The Australian was two days away from finishing his first Tour as he spoke, knowing, too, that he had two days in the Alps to get through before Sunday’s finish in Paris.
But Dennis (BMC Racing) was determined to get through the 19th and 20th stages in the Alps and be there for the final and 21st stage from Sevres, on the outskirts of Paris, to the Champs Elysees, where he could finally start to savour his breakthrough achievement. That achievement was not just to finish the Tour, but also to impress as he did in it.
Although, as Paris neared, Dennis, 25, was happy to focus on finishing the Tour for the first time – his one previous start in 2013 ended after eight days due to injury.
Asked before Saturday’s 110.5km 20th stage from Modane Valfrejus to l’Alpe d’Huez if he was still seeking an opportunity to get in race winning move or to just reach Paris, he said: “The opportunity of just finishing will be enough for me … 110km to l’Alpe d’Huez. I’m just going to the finish within the time cut and then Paris it is.”
Tejay van Garderen’s abandon
Dennis’ performance in the Tour was impressive. It began with him winning the stage 1 time trial to also become the first yellow jersey wearer. He then rode strongly in the stage 9 team time trial BMC won and worked well for their team leader and podium contender Tejay van Garderen until the American abandoned on stage 17 in the Pyrenees, citing a respiratory infection dating back to four days previous.
“It was disappointing,” Dennis said of van Garderen’s demise. “We weren’t disappointed with him, but we didn’t expect it. He kept it from us [the riders] so it wouldn't stress us out, which was good of him, but at the same time it came as a bit of a shock.”
The toll of Dennis’ work was bound to catch up sometime, and like clockwork it came in the decisive third week of the Tour, when many riders physiologically fall apart.
“This has been a lot harder,” Dennis said when comparing the Tour with the one previous grand tour finish in his career, last year’s Vuelta a Espana.
“I know that I have done a lot more at the Tour than what I did at the Vuelta last year, and I came into the Vuelta a little fresher than what I did at the Tour this year …
“But I am starting to feel [the fatigue] a lot this last week [in the Alpine stages].”
Coping with the third week
However, while Dennis’ body told him otherwise, his mind didn’t stop him getting in a break of 27 riders during the 18th stage from Gap to Saint Jean de Maurienne.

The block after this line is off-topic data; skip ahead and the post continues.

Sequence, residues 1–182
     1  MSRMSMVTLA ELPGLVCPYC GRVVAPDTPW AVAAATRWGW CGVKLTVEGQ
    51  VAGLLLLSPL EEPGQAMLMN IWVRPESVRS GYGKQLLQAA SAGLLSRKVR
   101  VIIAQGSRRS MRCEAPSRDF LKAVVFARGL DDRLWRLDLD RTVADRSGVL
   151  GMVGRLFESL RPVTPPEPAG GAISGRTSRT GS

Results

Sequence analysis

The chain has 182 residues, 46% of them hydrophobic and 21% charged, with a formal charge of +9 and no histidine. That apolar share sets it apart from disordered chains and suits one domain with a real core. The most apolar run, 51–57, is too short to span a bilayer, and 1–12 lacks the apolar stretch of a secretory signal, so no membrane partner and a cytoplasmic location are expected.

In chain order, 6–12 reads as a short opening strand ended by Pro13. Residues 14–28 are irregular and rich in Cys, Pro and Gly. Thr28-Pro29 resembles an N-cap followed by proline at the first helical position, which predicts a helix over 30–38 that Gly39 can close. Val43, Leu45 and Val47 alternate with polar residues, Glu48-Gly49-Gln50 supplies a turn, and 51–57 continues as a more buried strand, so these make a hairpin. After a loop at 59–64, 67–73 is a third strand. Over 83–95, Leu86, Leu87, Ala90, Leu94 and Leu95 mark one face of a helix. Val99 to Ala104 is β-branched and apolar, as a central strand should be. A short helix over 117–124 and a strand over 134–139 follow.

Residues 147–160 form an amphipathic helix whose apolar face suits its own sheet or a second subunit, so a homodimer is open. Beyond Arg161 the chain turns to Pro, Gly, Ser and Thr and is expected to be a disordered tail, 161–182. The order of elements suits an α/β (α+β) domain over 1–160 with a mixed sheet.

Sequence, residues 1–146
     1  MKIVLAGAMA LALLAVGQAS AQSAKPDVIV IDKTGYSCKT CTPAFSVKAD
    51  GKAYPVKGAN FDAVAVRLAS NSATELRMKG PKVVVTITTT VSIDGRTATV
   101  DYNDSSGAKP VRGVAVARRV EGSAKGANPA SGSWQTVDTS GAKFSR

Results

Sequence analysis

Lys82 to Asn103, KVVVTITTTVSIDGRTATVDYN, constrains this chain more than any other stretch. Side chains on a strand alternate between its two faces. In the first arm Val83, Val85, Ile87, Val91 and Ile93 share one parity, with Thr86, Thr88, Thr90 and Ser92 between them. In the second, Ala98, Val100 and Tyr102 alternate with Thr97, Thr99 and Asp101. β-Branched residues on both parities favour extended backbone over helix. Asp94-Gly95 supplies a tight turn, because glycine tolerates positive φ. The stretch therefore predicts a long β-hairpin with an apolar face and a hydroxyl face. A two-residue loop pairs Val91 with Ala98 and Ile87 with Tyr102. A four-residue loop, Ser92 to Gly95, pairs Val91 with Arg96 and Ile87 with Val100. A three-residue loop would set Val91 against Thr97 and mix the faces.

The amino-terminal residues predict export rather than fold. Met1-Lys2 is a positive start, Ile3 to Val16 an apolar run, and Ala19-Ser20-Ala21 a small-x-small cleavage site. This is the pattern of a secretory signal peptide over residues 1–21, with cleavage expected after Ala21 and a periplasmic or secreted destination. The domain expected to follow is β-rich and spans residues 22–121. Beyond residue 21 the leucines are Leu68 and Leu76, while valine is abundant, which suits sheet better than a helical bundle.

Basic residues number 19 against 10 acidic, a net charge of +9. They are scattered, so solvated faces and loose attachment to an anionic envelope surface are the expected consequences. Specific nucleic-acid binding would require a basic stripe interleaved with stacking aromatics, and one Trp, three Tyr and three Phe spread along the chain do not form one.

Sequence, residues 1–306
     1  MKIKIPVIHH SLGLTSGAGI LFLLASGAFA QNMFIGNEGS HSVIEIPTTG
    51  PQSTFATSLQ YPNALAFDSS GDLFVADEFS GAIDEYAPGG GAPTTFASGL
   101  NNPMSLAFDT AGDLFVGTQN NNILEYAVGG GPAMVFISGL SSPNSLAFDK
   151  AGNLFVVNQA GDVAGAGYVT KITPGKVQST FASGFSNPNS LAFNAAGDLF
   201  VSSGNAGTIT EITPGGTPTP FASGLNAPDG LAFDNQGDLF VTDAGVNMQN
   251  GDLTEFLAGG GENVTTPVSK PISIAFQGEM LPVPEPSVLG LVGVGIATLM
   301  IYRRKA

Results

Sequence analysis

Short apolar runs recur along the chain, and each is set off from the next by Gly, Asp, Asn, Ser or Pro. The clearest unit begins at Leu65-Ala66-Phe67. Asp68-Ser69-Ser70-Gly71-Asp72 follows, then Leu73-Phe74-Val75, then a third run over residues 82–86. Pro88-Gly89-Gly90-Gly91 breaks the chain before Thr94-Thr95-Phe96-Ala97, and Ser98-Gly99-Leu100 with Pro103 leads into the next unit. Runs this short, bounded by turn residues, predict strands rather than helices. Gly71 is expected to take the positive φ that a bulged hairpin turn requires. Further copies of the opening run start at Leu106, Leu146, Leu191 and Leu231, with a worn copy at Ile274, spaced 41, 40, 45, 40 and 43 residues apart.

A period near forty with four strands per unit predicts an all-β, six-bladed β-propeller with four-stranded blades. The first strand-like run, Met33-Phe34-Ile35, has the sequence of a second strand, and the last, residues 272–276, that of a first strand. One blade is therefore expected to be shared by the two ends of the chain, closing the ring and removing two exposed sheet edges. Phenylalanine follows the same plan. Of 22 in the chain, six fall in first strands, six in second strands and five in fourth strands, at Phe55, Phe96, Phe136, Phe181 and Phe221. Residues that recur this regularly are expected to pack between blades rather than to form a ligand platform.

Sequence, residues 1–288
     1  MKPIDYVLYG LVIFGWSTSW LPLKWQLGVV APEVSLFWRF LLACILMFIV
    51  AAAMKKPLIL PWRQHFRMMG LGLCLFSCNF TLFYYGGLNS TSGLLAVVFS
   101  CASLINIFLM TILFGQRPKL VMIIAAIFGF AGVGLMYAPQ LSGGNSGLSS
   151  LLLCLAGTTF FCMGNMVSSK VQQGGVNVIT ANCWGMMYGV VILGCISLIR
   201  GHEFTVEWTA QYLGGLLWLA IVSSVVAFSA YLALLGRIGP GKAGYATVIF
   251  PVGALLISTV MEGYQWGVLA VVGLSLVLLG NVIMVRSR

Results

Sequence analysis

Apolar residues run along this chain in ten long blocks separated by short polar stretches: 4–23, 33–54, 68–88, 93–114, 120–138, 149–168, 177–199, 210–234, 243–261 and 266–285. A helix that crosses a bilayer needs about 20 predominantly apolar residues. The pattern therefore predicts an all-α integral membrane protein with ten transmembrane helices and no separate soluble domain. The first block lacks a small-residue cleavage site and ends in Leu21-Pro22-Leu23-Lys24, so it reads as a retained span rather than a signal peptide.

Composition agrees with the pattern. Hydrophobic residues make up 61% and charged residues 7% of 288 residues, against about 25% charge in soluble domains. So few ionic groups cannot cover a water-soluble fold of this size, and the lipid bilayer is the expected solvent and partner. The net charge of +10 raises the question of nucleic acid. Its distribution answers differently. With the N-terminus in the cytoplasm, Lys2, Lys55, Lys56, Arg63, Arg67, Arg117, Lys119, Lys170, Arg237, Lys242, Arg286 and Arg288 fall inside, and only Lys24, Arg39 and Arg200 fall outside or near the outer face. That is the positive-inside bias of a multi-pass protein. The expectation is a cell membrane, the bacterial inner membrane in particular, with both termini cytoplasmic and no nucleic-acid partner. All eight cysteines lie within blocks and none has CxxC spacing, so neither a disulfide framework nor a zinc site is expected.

Although, he admits: “Immediately the second I was in the breakaway I regretted it.”
As if to reinforce how far such a move was from his mind, Dennis recalls how: “I told the team [beforehand] I was going to take it a little bit easier the next couple of days.
“I started to feel [the fatigue] the day before, and stupidly I went into the break.”
What's more, Dennis attacked the break soon after passing through the feed zone with 78km to go, but to find steadier rhythm: “With a big bunch but with that many people, it gets really surgy. People get nervous and want to attack. It’s not very smooth.
“So through the feed zone I attacked and just decided if they drop me they drop me.”
As Dennis found: “That was the case.” And on that note, he returned to Plan A, to keep his head down, don’t waste what energy he had left and reach Paris.
Once the cobblestones of the Champs Elysees were under him, Dennis emptied the tank by first bridging across to a three-man breakaway. Dennis was then the last of the lead group to stay out in front before the peloton came over him in the last lap to set up the bunch sprint that led to German Andre Greipel (Lotto-Soudal) winning.
Dennis hay have fallen from being first overall in the Tour after stage one to 101st at 3 hours 27minutes 34 seconds to the British winner, Chris Froome (Sky) after stage 21.
But for one who hopes to one day compete for overall honours, yet whose focus this time not the overall classification, his Tour de France was a success in many ways.
Rupert Guinness is a sports writer for The Sydney Morning Herald (Fairfax Media).
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Rupert Guinness first wrote on cycling at the 1984 Victorian road titles in Australia from the finish line on a blustery and cold hilltop with a few dozen supporters. But since 1987, he has covered 26 Tours de France, as well as numerous editions of the Giro d'Italia, Vuelta a Espana, classics, world track and road titles and other races around the world, plus four Olympic Games (1992, 2000, 2008, 2012). He lived in Belgium and France from 1987 to 1995 writing for Winning Magazine and VeloNews, but now lives in Sydney as a sports writer for The Sydney Morning Herald (Fairfax Media) and contributor to Cyclingnews and select publications.
An author of 13 books, most of them on cycling, he can be seen in a Hawaiian shirt enjoying a drop of French rosé between competing in Ironman triathlons.
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